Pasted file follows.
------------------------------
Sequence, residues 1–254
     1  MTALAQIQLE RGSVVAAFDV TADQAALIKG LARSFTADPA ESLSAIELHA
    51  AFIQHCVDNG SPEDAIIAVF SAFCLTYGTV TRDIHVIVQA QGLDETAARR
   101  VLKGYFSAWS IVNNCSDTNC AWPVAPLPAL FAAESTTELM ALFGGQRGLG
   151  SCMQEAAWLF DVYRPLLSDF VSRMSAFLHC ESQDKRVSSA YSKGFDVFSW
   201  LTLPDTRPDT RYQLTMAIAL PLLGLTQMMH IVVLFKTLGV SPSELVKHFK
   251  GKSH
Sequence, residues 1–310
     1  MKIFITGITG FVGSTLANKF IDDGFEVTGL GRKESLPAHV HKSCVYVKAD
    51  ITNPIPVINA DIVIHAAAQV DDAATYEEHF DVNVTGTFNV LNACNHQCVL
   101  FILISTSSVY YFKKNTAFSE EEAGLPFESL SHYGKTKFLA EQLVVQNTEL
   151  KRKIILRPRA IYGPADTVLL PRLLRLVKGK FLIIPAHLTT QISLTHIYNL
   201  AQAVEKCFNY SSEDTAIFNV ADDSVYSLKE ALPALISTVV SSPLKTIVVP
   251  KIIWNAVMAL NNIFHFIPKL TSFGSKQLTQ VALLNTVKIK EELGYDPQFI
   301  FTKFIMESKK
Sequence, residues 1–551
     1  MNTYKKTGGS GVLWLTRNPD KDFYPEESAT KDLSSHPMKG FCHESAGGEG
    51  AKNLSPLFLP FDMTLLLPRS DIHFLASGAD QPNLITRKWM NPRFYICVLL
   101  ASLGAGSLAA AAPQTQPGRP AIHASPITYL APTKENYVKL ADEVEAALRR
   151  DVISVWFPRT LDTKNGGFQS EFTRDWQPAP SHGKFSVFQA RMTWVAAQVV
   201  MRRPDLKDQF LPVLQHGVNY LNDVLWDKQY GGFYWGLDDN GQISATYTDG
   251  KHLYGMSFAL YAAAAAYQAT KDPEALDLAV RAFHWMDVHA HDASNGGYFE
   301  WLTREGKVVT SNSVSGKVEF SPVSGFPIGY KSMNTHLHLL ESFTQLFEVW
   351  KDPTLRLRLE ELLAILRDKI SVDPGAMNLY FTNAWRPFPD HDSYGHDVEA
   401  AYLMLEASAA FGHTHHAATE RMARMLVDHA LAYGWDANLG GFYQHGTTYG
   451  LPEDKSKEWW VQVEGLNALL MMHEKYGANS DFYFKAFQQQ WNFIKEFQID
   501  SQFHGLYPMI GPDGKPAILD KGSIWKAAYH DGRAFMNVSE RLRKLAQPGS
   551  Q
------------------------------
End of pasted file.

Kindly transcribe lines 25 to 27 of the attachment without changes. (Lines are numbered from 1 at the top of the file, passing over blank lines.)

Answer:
   401  AYLMLEASAA FGHTHHAATE RMARMLVDHA LAYGWDANLG GFYQHGTTYG
   451  LPEDKSKEWW VQVEGLNALL MMHEKYGANS DFYFKAFQQQ WNFIKEFQID
   501  SQFHGLYPMI GPDGKPAILD KGSIWKAAYH DGRAFMNVSE RLRKLAQPGS